Effectiveness of neuromuscular electrical stimulation for management of shoulder subluxation post-stroke: a systematic review with meta-analysis
To examine the effectiveness of neuromuscular electrical stimulation (NMES) for the management of shoulder subluxation after stroke including assessment of short (1 hour or less) and long (more than one hour) daily treatment duration.Data sources:
MEDLINE, CENTRAL, CINAHL, WOS, KoreaMed, RISS and reference lists from inception to January 2017Review methods:
We considered randomized controlled trials that reported neuromuscular electrical stimulation for the treatment of shoulder subluxation post-stroke. Two reviewers independently selected trials for inclusion, assessed trial quality, and extracted data.Results:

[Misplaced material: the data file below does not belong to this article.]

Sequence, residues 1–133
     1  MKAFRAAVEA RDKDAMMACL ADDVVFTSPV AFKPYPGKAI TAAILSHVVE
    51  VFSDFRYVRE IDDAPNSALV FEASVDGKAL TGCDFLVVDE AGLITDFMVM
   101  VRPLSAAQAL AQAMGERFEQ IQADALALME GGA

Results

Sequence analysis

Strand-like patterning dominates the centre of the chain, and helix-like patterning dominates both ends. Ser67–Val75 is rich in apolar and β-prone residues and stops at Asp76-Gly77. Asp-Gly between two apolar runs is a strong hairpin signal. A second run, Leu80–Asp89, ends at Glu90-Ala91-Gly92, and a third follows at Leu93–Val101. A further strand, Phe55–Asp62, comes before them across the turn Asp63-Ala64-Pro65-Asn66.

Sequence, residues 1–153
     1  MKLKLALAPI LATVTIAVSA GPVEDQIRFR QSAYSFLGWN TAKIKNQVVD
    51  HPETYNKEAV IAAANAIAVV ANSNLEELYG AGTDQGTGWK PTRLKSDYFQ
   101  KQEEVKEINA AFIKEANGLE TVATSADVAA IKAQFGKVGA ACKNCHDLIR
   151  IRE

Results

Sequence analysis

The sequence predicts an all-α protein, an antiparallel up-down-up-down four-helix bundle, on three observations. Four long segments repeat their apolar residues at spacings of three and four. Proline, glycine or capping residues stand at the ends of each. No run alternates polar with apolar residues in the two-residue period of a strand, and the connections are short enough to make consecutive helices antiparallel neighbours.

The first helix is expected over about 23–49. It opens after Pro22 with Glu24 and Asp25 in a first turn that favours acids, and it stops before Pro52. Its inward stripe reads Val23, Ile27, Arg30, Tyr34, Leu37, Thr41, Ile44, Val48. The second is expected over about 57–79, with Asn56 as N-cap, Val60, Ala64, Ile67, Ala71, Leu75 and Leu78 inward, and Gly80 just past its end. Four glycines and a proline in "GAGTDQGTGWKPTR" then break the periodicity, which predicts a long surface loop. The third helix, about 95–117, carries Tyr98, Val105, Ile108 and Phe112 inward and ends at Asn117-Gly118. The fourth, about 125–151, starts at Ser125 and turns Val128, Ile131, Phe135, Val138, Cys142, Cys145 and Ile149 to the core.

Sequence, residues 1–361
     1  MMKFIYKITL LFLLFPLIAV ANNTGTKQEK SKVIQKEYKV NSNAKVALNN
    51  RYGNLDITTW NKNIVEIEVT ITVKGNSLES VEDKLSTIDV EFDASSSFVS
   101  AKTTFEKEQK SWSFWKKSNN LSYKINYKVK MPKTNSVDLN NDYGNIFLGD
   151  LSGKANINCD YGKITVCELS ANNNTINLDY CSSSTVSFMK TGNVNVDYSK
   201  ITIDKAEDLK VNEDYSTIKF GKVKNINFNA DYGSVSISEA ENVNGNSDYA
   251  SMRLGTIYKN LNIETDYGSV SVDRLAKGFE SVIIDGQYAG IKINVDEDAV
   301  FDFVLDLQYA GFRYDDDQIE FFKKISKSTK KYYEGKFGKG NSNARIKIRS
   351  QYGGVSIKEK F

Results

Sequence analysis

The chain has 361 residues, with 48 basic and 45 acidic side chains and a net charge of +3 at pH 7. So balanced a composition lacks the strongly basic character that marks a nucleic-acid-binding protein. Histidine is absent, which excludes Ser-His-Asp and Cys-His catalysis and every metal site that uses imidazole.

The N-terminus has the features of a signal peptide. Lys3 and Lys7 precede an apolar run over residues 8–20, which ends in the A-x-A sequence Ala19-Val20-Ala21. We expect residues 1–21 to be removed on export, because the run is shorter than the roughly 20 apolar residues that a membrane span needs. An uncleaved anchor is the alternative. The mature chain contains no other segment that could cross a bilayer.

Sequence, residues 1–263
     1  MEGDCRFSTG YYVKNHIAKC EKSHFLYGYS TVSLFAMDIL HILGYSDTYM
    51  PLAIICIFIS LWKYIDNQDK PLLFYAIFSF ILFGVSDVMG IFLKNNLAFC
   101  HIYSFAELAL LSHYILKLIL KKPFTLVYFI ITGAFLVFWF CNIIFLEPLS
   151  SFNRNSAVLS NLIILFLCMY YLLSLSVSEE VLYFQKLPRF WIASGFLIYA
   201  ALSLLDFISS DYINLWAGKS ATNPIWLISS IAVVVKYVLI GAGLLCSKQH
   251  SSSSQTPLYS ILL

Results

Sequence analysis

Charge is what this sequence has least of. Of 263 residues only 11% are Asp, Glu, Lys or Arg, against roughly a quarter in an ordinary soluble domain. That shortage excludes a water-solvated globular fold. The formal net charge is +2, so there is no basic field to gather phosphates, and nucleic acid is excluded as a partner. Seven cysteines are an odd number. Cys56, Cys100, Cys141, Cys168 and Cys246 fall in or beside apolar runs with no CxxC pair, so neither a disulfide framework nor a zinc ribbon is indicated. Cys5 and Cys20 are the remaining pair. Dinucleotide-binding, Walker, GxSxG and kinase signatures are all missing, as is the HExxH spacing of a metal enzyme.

Eleven studies were included (432 participants); seven studies were good quality, four were fair. There was a significant treatment effect of neuromuscular electrical stimulation for reduction of subluxation for persons with acute and subacute stroke (SMD:–1.11; 95% CI:–1.53, –0.68) with either short (SMD:–0.91; 95% CI:–1.43, –0.40) or long (SMD:–1.49; 95% CI:–2.31, –0.67) daily treatment duration. The effect for patients with chronic stroke was not significant (SMD:–1.25; 95% CI:–2.60, 0.11). There was no significant effect of neuromuscular electrical stimulation on arm function or shoulder pain.Conclusion:
This meta-analysis suggests a beneficial effect of neuromuscular electrical stimulation, with either short or long daily treatment duration, for reducing shoulder subluxation in persons with acute and subacute stroke. No significant benefits were observed for persons with chronic stroke or for improving arm function or reducing shoulder pain.